Hypnotherapy and the Control of Pain and Symptom Relief in Patients Undergoing Breast Cancer Surgery

In this randomized trial 200 women, who were about to undergo excisional tumour biopsy or lumpectomy, were assigned into one of two groups. The first group received a brief psychologist-conducted hypnosis intervention. The second group received a single non-directed listening session with a psychologist.

Results showed patients in the hypnotherapy group required less sedatives and anaesthesia, during surgery than those who did not receive the treatment. Hypnosis was superior to attention control regarding propofol and lidocaine use; pain, nausea, fatigue, discomfort, and emotional upset at discharge. Furthermore, the hypnosis group spent less time in surgery resulting in lower hospital costs than the control group.

Click here to view this full article.

Hypnosis and the Reduction of Acute Pain and Anxiety in Adolescents undergoing Cancer Related Treatments.

Eighteen adolescents with cancer were trained in self-hypnosis techniques to reduce the discomfort and anxiety associated with bone marrow aspirations, lumbar punctures, and chemotherapeutic injections. Two patients rejected the hypnotherapy. The other sixteen recorded significant reductions in pain, discomfort, distress and anxiety.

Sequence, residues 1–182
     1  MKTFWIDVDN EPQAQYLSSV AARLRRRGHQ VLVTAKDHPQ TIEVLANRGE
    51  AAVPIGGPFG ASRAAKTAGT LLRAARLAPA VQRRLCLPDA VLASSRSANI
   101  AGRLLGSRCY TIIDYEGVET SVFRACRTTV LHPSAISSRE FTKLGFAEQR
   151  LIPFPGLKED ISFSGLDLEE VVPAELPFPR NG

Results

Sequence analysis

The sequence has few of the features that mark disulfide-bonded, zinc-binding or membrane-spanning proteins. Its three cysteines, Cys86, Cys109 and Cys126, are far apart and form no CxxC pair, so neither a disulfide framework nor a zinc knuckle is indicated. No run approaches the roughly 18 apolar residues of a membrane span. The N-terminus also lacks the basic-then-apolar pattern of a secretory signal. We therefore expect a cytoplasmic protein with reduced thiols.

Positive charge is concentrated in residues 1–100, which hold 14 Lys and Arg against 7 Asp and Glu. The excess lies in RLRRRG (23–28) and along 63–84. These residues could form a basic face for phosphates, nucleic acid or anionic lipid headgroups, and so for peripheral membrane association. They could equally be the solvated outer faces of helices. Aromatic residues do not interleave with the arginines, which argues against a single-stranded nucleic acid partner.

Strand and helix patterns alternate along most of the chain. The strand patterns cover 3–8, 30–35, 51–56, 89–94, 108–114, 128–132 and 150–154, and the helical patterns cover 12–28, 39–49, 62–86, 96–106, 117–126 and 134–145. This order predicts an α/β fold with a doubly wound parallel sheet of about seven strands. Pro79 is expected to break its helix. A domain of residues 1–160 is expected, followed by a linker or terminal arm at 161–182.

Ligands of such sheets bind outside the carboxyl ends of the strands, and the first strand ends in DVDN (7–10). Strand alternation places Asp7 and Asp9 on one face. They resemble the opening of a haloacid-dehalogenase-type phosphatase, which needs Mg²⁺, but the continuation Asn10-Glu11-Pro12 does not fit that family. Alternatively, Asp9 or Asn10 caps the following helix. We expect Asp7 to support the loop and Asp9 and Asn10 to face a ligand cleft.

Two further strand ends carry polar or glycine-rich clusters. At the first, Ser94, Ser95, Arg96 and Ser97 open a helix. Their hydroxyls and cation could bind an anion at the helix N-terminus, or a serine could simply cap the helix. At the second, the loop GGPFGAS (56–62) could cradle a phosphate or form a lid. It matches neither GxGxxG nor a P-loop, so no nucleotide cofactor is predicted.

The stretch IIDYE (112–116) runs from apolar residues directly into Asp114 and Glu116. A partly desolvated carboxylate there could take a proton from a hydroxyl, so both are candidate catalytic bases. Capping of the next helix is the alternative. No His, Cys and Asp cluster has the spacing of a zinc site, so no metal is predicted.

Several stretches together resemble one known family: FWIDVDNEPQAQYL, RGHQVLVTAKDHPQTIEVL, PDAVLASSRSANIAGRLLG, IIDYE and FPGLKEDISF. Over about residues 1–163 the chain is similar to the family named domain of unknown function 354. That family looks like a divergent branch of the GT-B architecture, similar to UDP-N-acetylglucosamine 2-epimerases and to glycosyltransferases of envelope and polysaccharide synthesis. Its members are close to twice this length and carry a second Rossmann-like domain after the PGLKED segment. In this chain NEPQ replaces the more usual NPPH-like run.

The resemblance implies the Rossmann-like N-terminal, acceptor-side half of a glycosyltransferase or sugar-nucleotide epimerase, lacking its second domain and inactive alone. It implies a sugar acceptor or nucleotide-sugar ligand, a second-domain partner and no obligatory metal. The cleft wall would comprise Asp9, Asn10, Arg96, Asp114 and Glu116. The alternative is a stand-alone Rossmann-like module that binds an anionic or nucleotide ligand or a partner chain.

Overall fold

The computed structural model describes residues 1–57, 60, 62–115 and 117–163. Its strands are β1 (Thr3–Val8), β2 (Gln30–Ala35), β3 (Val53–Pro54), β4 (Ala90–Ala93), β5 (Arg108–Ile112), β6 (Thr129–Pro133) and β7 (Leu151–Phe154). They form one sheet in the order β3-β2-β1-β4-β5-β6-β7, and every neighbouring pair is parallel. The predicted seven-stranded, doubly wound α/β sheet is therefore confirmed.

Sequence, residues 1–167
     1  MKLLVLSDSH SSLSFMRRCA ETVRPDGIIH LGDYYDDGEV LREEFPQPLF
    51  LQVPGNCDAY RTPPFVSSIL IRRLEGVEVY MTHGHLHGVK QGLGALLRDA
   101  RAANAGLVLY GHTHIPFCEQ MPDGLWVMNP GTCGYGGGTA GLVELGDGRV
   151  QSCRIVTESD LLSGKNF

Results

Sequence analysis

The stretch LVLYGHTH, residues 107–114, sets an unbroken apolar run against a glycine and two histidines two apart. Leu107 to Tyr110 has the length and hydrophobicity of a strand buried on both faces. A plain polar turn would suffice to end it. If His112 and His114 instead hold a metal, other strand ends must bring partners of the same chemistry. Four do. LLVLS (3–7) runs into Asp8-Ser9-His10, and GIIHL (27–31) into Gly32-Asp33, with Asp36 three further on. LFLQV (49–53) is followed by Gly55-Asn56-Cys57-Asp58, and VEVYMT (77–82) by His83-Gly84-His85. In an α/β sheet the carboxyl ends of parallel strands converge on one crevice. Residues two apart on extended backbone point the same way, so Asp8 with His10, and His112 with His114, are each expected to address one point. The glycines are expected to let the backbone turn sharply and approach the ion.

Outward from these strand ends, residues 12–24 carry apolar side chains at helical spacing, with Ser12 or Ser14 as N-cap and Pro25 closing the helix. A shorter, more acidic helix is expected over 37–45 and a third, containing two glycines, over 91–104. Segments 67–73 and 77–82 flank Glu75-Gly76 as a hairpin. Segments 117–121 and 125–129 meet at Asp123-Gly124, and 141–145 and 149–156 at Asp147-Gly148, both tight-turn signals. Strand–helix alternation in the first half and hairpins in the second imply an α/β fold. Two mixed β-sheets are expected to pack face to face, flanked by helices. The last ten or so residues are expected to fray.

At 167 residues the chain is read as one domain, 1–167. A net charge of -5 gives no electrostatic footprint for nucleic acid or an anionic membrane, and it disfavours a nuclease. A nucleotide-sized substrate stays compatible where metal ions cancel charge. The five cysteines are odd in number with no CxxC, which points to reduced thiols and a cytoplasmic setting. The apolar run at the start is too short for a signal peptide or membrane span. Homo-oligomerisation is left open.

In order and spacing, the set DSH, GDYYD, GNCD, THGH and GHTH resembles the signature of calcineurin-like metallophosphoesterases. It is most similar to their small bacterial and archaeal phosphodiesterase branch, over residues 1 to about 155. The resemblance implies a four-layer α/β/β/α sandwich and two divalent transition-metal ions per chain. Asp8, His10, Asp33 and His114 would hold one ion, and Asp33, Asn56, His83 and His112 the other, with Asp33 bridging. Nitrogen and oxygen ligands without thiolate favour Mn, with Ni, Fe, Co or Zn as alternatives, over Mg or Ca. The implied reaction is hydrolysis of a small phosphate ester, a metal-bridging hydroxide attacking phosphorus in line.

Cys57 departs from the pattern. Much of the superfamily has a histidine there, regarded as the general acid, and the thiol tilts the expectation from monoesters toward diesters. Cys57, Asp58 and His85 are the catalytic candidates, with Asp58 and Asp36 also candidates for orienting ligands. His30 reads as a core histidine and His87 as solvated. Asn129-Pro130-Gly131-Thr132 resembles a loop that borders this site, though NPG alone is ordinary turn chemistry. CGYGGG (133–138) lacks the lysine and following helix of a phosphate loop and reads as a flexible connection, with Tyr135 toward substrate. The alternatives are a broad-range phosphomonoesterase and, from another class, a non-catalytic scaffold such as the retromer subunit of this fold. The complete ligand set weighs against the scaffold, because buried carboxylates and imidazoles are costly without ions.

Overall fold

Click here to view this articles abstract.

There are two separate studies in this review paper. The first study tests whether a year-long weekly group intervention including hypnosis can reduce cancer pain among women with metastatic breast cancer.

One hundred and twenty four metastatic breast cancer patients were randomly assigned into two groups. Both groups met weekly for a one year in duration. The intervention group received training in hypnosis and self-hypnosis at the end of each session whereas the control group did not. The researchers observed that the benefit of therapy plus hypnosis was that, on average, it helped patients avoid the increases in pain experienced by patients who did not receive hypnotherapy in their treatment.

In the second study forty women with Temporomandibular Disorder were randomly assigned to either a hypnosis intervention group or a relaxation control group. Both groups received four individual 1-hour sessions with take-home compact disc and instructions to practice during the week.

The researchers found that both the relaxation group and the hypnosis group realized significant reductions in the number of painful muscle palpation sites and pain on palpation, the number of awakenings at night, and Obsessive-Compulsive Disorder (OCD) symptoms. However, only the hypnosis group significantly reduced the daily pain ratings and increased the use of critical coping strategies.

Click here to view this full article.

Click here to view this articles abstract.